I am very much interested to find that in our younger generation, however, there is a greater consciousness of what civil liberties really mean, and I think that is one of the hopeful things in the world today, that youth is really taking a tremendous interest in the preservation of civil liberties. It is a very hard period in the world for youth because they are faced with new kinds of problems. We don't know the answers to many of the problems that face us today and neither do the young people, and the problems are very much more important to the young because they must start living. We have had our lives. The young people want to begin, and they can't find a way to get started. Perhaps that has made them more conscious of civil liberties. Perhaps that is why when you get a group of them together you find them fighting against the prejudices which have grown up in our country, against the prejudices which have made it hard for the minority groups in our country. The other night someone sent up a question to me: "What do you think should be done about the social standing of the Negro race in this country?" Well now, of course, I think the social situation is one that has to be dealt with by individuals. The real question that we have to face in this country is what are we doing about the rights of a big minority group as citizens in our democracy. That we have to face. Any citizen in this country is entitled to equality before the law; to equality of education; to equality at earning a living, as far as his abilities have made it possible for him to do; to equality of participation in government so that he or she may register their opinion in just the way that any other citizens do. Now those things are basic rights, belonging to every citizen in every minority group, and we have an obligation, I think, to stand up and be counted when it comes to the question of whether any minority group does not have those rights as citizens in this country. The minute we deny any rights of this kind to any citizen, we are preparing the way for the denial of those rights to someone else. We have to make up our minds what we really believe. We have to decide whether we believe in the Bill of Rights, in the Constitution of the United States, or whether we are going to modify it because of the fears that we may have at the moment.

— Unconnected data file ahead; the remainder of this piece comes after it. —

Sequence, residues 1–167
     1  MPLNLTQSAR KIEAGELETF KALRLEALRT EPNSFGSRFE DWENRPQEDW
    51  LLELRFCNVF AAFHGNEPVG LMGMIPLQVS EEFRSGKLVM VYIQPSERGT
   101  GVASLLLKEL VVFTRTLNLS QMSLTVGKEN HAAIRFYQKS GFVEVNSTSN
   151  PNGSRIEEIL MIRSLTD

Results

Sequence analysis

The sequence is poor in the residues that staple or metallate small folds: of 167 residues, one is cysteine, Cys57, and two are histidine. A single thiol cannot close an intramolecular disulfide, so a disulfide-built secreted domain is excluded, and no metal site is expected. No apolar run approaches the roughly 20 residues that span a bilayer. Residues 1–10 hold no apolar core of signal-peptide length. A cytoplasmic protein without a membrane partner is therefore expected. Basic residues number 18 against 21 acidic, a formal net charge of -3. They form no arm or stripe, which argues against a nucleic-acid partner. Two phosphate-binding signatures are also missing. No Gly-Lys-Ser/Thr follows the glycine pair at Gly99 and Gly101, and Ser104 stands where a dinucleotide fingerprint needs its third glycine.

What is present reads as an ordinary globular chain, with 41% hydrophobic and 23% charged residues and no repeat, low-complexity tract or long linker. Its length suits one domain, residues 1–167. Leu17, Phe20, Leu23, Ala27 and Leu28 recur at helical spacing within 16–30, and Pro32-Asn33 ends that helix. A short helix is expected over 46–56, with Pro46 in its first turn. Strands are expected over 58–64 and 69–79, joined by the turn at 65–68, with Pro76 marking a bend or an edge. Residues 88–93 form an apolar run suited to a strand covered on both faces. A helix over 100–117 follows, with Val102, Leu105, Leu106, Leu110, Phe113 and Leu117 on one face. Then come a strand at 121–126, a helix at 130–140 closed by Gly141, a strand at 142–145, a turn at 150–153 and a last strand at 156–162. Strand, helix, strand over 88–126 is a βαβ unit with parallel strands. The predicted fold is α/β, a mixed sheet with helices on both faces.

Now I listened to the broadcast this afternoon with a great deal of interest. I almost forgot what a fight had been made to assure the rights of the working man. I know there was a time when hours were longer and wages lower, but I had forgotten just how long that fight for freedom, to bargain collectively, and to have freedom of assembly, had taken. Sometimes, until some particular thing comes to your notice, you think something has been won for every working man, and then you come across as I did the other day a case where someone had taken the law into his own hands and beaten up a labor organizer. I didn't think we did those things any more in this country, but it appears that we do. Therefore, someone must be always on the lookout to see that someone is ready to take up the cudgels to defend those who can't defend themselves. That is the only way we are going to keep this country a law-abiding country, where law is looked upon with respect and where it is not considered necessary for anybody to take the law into his own hands. The minute you allow that, then you have acknowledged that you are no longer able to trust in your courts and in your law-enforcing machinery, and civil liberties are not very well off when anything like that happens; so I think that after listening to the broadcast today, I would like to remind you that behind all those who fight for the Constitution as it was written, for the rights of the weak and for the preservation of civil liberties, we have a long line of courageous people, which is something to be proud of and something to hold on to. Its only value lies, however, in the fact that we profit by example and continue the tradition in the future. We must not let those people back of us down; we must have courage; we must not succumb to fears of any kind; and we must live up to the things that we believe in and see that justice is done to the people under the Constitution, whether they belong to minority groups or not. This country is a united country in which all people have the same rights as citizens. We are grateful that we can trust in the youth of the nation that they are going on to uphold the real principles of democracy and put them into action in this country. They are going to make us an even more truly democratic nation.